|P is for Practical|
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I have had enough with CouchDB. Really. I just couldn't wait for queries to run for the first time any longer. And I really wanted to write my views in perl. Because I was mostly manipulating hashes which came from perl anyway.
Then I started dreaming. Disks are slow. Only right way to read them is sequentially, so it rules out disk as storage if you want to have fast access. So, what is fastest way to run perl snippets? In memory.
But, I would run out of memory eventually. So I would have to support sharding across bunch of machines... That would also enable me to scale linearly just by adding a new machine or two...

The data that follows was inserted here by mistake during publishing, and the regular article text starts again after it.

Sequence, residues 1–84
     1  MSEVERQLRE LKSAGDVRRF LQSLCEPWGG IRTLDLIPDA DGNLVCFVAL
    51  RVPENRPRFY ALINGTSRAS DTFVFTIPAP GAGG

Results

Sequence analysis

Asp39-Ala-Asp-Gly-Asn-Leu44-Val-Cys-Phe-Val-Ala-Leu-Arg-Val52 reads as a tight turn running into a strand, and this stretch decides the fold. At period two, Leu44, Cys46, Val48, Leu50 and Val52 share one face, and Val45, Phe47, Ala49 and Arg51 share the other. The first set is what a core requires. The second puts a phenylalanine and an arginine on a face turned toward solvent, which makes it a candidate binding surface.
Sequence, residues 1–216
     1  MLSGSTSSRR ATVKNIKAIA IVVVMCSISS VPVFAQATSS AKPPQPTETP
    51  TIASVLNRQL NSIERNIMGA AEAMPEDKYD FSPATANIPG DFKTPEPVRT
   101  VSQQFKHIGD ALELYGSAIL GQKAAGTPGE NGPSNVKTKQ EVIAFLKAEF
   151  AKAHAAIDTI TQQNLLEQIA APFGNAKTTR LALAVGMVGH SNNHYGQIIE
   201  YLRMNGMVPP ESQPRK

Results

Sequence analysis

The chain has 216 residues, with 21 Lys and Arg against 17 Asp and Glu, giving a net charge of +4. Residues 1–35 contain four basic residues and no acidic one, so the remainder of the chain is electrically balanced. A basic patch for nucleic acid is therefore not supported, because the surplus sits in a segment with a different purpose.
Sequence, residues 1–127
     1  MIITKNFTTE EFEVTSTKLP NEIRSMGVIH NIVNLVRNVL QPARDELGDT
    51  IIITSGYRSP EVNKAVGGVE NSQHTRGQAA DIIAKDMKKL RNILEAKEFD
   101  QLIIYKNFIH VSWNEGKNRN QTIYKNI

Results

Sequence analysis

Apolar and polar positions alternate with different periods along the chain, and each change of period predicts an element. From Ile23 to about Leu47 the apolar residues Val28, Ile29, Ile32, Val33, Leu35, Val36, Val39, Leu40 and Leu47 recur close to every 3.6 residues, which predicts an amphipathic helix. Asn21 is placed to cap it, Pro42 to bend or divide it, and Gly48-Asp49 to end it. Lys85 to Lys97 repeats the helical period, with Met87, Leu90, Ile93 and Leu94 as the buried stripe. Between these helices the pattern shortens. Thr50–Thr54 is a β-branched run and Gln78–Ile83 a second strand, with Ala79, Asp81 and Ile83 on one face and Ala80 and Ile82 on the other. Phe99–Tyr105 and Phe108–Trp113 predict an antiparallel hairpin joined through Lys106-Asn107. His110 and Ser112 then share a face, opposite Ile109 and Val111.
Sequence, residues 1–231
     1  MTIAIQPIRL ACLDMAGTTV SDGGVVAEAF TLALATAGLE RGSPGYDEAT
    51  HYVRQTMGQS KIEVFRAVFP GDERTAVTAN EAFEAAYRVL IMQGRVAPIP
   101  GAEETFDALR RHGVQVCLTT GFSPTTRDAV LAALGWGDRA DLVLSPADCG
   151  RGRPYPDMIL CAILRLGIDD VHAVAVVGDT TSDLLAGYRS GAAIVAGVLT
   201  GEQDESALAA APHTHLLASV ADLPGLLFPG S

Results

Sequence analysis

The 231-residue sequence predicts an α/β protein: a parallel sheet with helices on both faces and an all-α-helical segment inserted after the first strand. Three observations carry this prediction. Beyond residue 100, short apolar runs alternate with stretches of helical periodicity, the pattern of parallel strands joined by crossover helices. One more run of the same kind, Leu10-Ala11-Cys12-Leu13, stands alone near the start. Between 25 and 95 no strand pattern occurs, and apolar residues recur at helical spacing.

I just had a bunch of web kiosks running Debian live around, so I decided to try does this idea sound sane in a week. And sure enough, I had working version after a week.
Then I decided to rip it apart and rewrite into simpler one which is modeled around management of individual nodes and much simpler network protocol. And I discovered that parsing file on master node isn't bad because it cuts down on required dependencies on deployment. And with a little bit of caching it even provides speedup on startup.
In this stage, it's quite usable toy. I would really appreciate feedback about it. Is it interesting for other people to try it? Or did I just learned a few lessons about scalability that everybody else already knows?
And lastly how would you release such a toy? CPAN doesn't really seems like a right place, so is Ohloh enough? It's not in git, so github isn't really an option.
Update: (much) more details about Sack implementation and reasons behind them in comments thanks to everybody who asked and forced me to clarify :-)
In reply to Google like scalability using perl? by dpavlin